Omega 3 Vs Omega 6

omega 3 thrive magazine

So you’ve probably heard of omega 3 right? Over the last few years the benefits of this healthy compound has been plastered over media headlines, printed on relevant food packages and been promoted through fish oil supplements. But what actually is omega 3 and why is it so good for us?

Omega 3
Omega 3 is a polyunsaturated ‘fatty acid’ with its name coming from the double bond in the chemical structure, which is three carbon atoms from the ‘omega’ or tail end of the molecular chain.

The two forms of omega 3 fatty acids that are particularly known for their health benefits are referred to as ‘EPA’ and ‘DHA’ (I’ll save you the hardship of reading their full names!). These fatty acids are termed as ‘essential’ which means that we need to get them into our bodies through our diet.

Omega 6 is also ‘essential’, we need to get it from our diets through food sources like seeds, nuts and the oils extracted from them.

Dietary sources of omega 3 include oily fish (like mackerel, salmon and sardines) and although conversion isn’t quite as efficient (due to another stage in conversion), walnuts, flaxseeds, chia seeds and even supplements like algae are good vegetarian sources.
The fatty acids EPA and DHA are now known to be beneficial because not only are they known to have ‘anti-inflammatory’ effects, other benefits include supporting heart health (1), mental health (2) and even the immune system (to name just a few)! (3).

Omega 6 The new (less glorified) kid on the block who is now getting a little more attention is omega 6. As omega 6 is also ‘essential’, we need to get it from our diets through food sources like seeds, nuts and the oils extracted from them. Although these food sources are classed as ‘healthy’, the reason why omega 6 is often viewed in a negative light is that processed foods are also often high in omega 6 due to the refined vegetable oils used within them.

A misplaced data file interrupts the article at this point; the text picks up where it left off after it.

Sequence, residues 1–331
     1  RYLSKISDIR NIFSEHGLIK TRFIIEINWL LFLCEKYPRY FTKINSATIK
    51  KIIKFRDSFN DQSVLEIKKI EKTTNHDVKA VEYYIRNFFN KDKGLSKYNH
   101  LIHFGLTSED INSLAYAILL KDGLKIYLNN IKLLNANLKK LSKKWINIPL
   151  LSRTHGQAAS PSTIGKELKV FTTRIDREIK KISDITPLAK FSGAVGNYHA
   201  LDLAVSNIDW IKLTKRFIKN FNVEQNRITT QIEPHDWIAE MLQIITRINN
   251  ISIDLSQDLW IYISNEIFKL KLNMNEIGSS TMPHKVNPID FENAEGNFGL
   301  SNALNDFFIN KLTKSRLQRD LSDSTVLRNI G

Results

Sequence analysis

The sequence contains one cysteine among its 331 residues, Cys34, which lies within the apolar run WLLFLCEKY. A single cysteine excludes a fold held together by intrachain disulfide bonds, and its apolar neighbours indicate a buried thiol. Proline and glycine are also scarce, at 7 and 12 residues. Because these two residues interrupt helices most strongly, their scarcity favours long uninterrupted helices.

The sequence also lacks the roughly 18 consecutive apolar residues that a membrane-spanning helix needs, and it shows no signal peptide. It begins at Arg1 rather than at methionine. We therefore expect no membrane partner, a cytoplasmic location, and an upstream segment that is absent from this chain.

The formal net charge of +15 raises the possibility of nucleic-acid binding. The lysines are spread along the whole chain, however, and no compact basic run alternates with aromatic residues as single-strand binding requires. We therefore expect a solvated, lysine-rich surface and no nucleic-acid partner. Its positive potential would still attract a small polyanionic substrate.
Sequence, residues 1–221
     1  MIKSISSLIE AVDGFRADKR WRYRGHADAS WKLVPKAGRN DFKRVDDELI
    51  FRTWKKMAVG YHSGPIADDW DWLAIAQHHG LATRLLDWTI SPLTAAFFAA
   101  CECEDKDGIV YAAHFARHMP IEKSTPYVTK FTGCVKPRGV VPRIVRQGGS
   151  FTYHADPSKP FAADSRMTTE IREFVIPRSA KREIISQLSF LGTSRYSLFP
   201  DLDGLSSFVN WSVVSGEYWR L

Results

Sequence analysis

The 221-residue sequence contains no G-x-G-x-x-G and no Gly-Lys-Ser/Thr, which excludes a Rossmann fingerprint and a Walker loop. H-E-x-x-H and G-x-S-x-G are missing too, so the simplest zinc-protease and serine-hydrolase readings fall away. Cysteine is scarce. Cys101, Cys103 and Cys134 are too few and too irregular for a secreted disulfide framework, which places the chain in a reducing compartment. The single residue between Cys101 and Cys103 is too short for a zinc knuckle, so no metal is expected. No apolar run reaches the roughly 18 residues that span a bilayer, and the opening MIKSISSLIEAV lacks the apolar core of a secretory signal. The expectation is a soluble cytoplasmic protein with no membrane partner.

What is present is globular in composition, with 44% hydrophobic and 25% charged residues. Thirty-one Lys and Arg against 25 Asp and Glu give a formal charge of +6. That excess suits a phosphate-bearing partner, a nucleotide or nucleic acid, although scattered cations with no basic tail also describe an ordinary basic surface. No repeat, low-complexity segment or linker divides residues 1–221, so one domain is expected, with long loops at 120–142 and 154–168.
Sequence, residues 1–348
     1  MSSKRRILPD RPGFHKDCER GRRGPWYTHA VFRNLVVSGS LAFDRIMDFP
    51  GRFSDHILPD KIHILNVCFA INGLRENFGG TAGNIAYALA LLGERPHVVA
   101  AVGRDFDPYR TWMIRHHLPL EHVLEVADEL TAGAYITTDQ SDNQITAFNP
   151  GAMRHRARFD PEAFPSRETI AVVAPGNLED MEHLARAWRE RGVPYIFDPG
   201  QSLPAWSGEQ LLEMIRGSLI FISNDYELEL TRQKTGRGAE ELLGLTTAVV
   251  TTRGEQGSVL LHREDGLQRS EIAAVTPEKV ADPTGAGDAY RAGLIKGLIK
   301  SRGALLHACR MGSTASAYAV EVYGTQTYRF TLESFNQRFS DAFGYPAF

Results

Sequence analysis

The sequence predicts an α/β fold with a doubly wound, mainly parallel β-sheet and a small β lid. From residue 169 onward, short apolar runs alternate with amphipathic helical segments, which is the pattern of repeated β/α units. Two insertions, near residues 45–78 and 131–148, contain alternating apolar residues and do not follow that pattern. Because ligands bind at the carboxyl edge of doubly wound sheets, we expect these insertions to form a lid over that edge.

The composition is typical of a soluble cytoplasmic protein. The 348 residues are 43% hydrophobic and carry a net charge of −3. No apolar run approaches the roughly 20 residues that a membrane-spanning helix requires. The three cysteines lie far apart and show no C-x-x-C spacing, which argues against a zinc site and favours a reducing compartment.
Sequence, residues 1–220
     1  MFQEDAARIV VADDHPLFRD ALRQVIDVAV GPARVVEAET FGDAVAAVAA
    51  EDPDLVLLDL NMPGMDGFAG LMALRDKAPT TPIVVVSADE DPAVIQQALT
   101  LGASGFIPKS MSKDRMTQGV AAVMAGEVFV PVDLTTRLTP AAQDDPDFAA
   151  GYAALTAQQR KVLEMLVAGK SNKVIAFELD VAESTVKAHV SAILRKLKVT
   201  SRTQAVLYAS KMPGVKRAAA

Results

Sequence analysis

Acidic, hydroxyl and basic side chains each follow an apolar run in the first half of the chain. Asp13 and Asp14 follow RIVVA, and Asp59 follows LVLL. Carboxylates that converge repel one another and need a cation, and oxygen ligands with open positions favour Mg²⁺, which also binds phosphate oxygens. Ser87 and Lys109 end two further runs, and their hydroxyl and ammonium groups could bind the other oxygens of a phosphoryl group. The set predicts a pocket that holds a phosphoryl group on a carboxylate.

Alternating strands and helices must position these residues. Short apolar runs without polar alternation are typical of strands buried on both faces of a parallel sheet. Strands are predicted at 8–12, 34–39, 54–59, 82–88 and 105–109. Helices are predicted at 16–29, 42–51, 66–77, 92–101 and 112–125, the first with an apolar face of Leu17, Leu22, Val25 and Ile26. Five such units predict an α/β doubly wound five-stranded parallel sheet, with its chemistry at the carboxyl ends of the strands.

Although beneficial in small amounts, when we consume larger amounts of omega 6 (and not enough omega 3) it can increase inflammation in our body as the ‘anti- inflammatory’ effects of omega 3 are overridden (4).

The battle of the omegas
As inflammation is often the root cause of a variety of diseases, the potentially inflammatory effect of omega 6 means that making sure you try and create a healthy balance between omega 3’s and omega 6’s is essential. The issue in recent years is that the ‘Western’ way of eating dramatically leans towards omega 6 dominance with a ratio of around 16:1. This unbalanced ratio is almost unrecognisable from our ancestors more balanced 1:1 (omega 6: omega 3) dietary intake (5).

One of the issues of having unbalanced ratios of omega 6:3 is that both fatty acids compete for the same conversion enzyme which means if there are too many omega 6 fatty acids in the diet, the beneficial effects of omega 3 might not get a look in. Alternatively, the higher the omega 3 intake in your diet, the lower the opportunity for omega 6 to be available to increase inflammation.

The issue in recent years is that the ‘Western’ way of eating dramatically leans towards omega 6 dominance.

Getting your balance right
Some simple steps you can make to get your balance of omega 3 and omega 6 in order are:
Reducing the amount of processed foods you eat as this will likely reduce your omega 6 intake from vegetable oils

Switch from using vegetable oils in cooking to more omega 3 rich oils like olive oil or rapeseed oilAim to include at least 1 portion of oily fish a week (ideally two if you can!)

Look to include plant based sources of omega 3 like chia seeds, walnuts and flaxseeds.
In some cases supplementing with a good quality fish oil could be beneficial however remember to check with your GP or a health professional before starting supplements as fish oil can interact with some medication including blood clotting medication (like warfarin).

So now you know a little more about the benefits of omega 3, hopefully you feel empowered to trial some new fish recipes, sprinkle chia seeds into your smoothies or even just politely wave goodbye to the added vegetable oils that might have out welcomed their stay.

Thanks to Thrive Expert  Laura Bryan for this article.
Laura Bryan is a BANT registered Msc Nutritional TherapistFor full references see the Winter issue of Thrive magazine.